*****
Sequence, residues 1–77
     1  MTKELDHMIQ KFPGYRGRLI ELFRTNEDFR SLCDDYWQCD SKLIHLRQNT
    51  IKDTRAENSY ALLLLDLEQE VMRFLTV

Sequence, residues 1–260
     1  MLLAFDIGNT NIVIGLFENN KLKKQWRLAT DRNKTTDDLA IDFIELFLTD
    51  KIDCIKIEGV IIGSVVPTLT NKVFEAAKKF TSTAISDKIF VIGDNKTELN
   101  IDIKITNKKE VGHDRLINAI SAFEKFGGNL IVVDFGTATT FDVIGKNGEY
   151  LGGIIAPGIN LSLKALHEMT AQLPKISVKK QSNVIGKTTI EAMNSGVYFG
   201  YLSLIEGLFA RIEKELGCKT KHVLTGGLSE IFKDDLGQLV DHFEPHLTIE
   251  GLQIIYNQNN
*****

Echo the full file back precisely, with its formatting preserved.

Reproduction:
Sequence, residues 1–77
     1  MTKELDHMIQ KFPGYRGRLI ELFRTNEDFR SLCDDYWQCD SKLIHLRQNT
    51  IKDTRAENSY ALLLLDLEQE VMRFLTV

Sequence, residues 1–260
     1  MLLAFDIGNT NIVIGLFENN KLKKQWRLAT DRNKTTDDLA IDFIELFLTD
    51  KIDCIKIEGV IIGSVVPTLT NKVFEAAKKF TSTAISDKIF VIGDNKTELN
   101  IDIKITNKKE VGHDRLINAI SAFEKFGGNL IVVDFGTATT FDVIGKNGEY
   151  LGGIIAPGIN LSLKALHEMT AQLPKISVKK QSNVIGKTTI EAMNSGVYFG
   201  YLSLIEGLFA RIEKELGCKT KHVLTGGLSE IFKDDLGQLV DHFEPHLTIE
   251  GLQIIYNQNN